The Designing Database Tables module provides you with the instruction and server hardware to develop your hands on skills in the defined topics. This module includes the following exercises:

  1. Design T-SQL stored procedures
  2. Design Views
  3. Design T-SQL table-valued and scalar functions
  4. Design Common Language Runtime (CLR) table-valued and scalar functions
  5. Design CLR stored procedures, aggregates, and types
  6. Evaluate special programming constructs

Exercise 1 - Design T-SQL stored procedures

In this exercise, you will perform the tasks required to program objects in SQL Server 2008. To understand this technology, please refer to your course material or read the material available at the following link:http://technet.microsoft.com/en-us/library/cc505879.aspx

Exercise 2 - Design Views

Common Table Expressions

The common table expression (CTE) is a temporary named result set that can be referenced within a SELECT, UPDATE, INSERT, or DELETE statement. A CTE can also be used in a CREATE VIEW statement, as a part of the view’s SELECT query. You can also add a CTE to the new MERGE statement.

SQL Server supports two types of CTEs:

  • Non-Recursive
  • Recursive

CTEs can be defined by adding a WITH clause before your SELECT, INSERT, UPDATE, DELETE, or MERGE statement. One or more CTEs can be included in the WITH clause.

The basic structure of a CTE is very simple:

WITH ctename (cola, colb, colc)


(-- query definition)

SELECT cola, colb,etc, col_z

FROM cte_name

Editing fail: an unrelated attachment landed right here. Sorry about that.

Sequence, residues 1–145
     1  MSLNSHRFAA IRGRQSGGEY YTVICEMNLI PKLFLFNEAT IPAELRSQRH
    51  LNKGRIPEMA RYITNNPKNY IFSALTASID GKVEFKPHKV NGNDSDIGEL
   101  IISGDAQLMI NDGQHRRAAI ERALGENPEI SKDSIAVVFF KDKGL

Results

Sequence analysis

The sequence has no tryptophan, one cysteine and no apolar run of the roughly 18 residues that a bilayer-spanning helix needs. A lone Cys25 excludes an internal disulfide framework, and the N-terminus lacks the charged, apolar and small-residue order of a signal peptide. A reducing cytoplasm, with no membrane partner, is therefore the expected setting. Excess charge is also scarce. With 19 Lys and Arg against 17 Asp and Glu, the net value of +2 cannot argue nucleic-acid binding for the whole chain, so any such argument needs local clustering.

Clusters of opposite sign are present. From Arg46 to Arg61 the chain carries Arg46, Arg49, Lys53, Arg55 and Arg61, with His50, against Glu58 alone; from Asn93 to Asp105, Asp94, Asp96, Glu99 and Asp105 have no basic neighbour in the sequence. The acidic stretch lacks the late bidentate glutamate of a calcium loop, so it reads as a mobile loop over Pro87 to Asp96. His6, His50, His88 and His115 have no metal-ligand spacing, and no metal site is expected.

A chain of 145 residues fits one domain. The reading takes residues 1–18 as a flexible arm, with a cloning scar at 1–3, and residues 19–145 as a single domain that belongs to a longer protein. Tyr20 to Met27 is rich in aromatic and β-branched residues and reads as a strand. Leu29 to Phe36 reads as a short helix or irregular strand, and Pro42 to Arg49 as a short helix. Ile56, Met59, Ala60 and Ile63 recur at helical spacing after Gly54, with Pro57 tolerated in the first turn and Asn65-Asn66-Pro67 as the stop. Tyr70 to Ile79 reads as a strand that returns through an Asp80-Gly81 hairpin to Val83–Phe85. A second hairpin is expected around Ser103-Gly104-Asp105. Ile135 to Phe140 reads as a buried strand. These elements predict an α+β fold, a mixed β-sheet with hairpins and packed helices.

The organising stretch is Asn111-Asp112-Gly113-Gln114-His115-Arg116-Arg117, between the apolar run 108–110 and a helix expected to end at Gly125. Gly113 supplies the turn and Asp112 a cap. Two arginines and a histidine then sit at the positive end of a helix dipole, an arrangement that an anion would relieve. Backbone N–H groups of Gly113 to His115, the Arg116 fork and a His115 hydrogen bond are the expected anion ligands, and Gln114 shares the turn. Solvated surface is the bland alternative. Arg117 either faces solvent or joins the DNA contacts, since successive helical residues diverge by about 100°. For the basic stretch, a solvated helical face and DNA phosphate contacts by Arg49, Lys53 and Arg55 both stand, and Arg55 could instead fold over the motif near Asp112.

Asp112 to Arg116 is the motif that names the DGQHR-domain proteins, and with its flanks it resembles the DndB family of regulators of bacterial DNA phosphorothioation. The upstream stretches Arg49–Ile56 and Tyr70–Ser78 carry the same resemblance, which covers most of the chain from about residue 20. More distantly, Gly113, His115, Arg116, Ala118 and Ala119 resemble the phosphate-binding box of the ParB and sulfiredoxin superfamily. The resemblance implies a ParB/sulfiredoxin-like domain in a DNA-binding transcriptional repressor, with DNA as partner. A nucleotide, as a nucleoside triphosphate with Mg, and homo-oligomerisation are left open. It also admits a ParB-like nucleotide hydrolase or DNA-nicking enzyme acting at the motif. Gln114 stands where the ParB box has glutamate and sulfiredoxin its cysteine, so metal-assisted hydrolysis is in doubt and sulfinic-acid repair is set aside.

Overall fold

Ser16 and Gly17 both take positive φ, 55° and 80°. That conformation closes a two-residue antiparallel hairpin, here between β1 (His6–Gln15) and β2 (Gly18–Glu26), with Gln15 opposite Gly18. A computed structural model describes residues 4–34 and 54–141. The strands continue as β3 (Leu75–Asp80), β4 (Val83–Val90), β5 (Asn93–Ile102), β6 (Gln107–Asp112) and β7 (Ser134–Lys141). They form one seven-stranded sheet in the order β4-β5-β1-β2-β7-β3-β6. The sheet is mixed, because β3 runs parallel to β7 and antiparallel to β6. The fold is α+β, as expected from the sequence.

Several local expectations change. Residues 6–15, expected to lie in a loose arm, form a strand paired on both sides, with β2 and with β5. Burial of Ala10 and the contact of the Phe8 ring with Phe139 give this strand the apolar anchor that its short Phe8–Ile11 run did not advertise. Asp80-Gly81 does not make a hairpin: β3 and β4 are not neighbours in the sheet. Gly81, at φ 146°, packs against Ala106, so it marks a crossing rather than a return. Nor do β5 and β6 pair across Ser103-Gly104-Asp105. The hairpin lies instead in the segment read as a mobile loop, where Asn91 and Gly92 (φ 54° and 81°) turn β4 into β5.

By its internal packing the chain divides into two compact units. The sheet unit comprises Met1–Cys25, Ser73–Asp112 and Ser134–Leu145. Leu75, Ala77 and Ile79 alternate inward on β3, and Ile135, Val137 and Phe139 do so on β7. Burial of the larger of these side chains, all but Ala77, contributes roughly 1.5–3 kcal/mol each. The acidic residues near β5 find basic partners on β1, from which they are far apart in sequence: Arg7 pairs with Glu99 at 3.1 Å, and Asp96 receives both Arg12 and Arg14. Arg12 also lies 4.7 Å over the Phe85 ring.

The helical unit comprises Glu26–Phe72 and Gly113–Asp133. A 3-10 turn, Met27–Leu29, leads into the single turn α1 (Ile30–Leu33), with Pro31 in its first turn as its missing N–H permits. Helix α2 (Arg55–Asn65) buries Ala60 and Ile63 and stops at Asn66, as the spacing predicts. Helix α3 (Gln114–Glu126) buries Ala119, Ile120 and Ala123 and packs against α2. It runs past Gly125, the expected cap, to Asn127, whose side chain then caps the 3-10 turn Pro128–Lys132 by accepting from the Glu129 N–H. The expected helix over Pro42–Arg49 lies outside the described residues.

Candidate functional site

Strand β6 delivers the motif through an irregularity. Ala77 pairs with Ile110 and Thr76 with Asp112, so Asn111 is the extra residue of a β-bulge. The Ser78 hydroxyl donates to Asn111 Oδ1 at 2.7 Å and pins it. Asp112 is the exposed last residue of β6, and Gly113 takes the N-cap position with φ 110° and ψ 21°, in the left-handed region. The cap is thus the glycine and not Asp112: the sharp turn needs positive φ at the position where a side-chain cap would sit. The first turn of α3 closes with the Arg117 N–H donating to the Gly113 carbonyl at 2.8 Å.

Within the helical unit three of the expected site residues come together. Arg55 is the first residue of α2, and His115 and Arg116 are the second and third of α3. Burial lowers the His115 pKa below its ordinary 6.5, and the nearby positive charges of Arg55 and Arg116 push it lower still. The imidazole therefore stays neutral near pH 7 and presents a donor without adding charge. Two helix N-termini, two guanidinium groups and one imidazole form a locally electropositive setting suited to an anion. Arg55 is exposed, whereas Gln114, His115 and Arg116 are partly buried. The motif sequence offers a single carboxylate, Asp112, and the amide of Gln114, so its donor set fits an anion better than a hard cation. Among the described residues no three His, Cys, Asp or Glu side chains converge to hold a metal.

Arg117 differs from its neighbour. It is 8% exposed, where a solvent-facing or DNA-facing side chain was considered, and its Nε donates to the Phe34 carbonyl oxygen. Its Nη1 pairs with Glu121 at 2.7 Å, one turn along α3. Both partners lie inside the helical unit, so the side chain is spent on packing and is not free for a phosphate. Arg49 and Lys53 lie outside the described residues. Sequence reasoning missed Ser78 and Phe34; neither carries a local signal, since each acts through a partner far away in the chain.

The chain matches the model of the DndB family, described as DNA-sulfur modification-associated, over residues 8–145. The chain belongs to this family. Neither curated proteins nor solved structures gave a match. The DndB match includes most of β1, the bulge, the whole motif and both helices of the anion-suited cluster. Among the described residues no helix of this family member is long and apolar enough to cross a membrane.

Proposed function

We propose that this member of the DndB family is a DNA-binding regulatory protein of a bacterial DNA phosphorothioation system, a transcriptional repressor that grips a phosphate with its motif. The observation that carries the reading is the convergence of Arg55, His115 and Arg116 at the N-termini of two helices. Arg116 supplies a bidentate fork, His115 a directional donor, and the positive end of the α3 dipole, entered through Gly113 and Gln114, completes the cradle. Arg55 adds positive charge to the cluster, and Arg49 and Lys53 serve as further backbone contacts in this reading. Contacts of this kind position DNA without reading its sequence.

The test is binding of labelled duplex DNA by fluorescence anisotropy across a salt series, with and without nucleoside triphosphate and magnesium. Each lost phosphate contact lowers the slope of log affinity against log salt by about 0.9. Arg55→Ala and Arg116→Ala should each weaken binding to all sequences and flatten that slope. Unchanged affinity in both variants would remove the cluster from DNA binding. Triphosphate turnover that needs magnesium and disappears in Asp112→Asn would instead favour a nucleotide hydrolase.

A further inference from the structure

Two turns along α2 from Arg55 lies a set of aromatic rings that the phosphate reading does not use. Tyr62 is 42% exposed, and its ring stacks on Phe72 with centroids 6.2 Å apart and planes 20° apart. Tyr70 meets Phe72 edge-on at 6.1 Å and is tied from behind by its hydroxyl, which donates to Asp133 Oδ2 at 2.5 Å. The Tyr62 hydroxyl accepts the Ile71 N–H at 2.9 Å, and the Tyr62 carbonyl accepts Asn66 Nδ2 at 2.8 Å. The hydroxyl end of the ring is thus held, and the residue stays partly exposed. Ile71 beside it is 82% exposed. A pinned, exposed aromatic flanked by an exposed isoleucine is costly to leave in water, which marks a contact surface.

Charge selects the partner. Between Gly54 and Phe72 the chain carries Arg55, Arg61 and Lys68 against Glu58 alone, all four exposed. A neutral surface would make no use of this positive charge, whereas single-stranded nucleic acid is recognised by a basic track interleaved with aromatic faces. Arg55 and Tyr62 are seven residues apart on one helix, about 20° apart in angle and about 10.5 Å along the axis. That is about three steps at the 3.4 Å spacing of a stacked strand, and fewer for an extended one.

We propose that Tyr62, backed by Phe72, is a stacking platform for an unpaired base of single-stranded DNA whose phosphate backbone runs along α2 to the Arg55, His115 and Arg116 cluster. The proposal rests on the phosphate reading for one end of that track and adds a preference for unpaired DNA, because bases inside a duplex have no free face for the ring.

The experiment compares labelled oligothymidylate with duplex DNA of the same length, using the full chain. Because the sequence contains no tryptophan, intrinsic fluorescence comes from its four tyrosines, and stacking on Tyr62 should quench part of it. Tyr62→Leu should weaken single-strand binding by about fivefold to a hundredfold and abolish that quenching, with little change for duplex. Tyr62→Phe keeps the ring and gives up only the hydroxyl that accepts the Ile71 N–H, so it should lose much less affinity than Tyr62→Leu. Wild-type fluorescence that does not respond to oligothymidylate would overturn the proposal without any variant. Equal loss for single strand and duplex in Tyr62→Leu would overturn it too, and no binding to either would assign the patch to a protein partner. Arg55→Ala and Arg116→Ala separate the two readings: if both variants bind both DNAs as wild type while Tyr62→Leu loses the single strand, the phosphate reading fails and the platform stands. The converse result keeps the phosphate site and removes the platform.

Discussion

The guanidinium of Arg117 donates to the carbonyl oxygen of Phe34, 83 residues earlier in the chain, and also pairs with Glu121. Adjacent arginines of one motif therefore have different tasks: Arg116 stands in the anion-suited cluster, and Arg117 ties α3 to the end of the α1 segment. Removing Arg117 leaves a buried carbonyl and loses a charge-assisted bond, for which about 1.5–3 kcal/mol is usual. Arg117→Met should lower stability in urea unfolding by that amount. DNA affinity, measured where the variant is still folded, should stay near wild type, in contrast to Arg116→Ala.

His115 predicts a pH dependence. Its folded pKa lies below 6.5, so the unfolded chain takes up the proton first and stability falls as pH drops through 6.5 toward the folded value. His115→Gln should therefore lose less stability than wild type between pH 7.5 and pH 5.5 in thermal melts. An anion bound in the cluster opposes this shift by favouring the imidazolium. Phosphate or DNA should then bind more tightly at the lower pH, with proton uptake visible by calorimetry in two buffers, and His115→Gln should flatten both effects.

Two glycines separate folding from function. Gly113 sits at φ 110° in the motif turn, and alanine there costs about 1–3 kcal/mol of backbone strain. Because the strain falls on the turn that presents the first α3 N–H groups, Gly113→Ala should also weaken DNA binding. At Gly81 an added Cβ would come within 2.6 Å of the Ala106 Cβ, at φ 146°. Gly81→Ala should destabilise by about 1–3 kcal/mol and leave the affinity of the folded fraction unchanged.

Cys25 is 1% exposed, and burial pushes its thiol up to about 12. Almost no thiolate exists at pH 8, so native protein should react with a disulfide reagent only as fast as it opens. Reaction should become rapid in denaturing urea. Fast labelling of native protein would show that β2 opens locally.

Non-Recursive CTE

A non-recursive CTE does not reference itself within the CTE. Non-recursive CTEs are simpler than recursive CTEs.

Exercise 3 - Design T-SQL table-valued and scalar functions

Inline table-valued functions vs. views

A SQL Server table-valued function is a user-defined function which returns a table data type as output. What makes SQL Server table-valued functions more useful in some situations than views or stored procedures is like every function, a t-sql table-valued function also accepts parameters. Also TVF's (table valued functions) can be referenced in SELECT queries just like a SQL Server database table. These two features plus creating complex t-sql programming logic in user defined functions make a table-valued function powerful than the SQL view and SQL stored procedure objects.

Exercise 4 - Design Common Language Runtime (CLR) table-valued and scalar functions

In this exercise, you will perform the tasks required to deploy CLR-based objects. To understand this task, refer to your course material or read the material available at the following link http://msdn.microsoft.com/en-us/library/ms345099(v=sql.105).aspx

Prior to SQL Server 2005 the SQL Server versions used to support only TSQL language. But with the advent of .Net framework it is now possible to use .Net framework languages to create and retrieve .Net framework based objects from SQL Server. Database objects written in managed code are called SQL Server Common Language Run (CLR) objects.

Exercise 5 - Design CLR stored procedures, aggregates, and types

CLR vs. T-SQL, ordered vs. non-ordered

User Defined Types

User Defined Types (UDT) are used to extend the normal type system in sql server and can only be written in SQL CLR. They allow for storage of CLR types in a database and grant the ability to store multiple data elements and expose various methods to work on and with the data. The normal SQL Server data types do not grant this extra functionality (although some of the out of the box types in SQL Server 2008 are UDTs, such as Hierarchy ID and the GeoSpatial types).

CLR UDT columns can be added to a table, used as a variable, used in a stored procedures, and in functions as you would use a normal column. However, CLR objects need to be created in each database that you would like to use them in, including tempdb.

User Defined Aggregates

User Defined Aggregates allow the aggregation of user defined types or custom aggregation in sql server and can also only be written in SQL CLR. For instance, you can sum an attribute of a UDT, or concatenate a string with input values.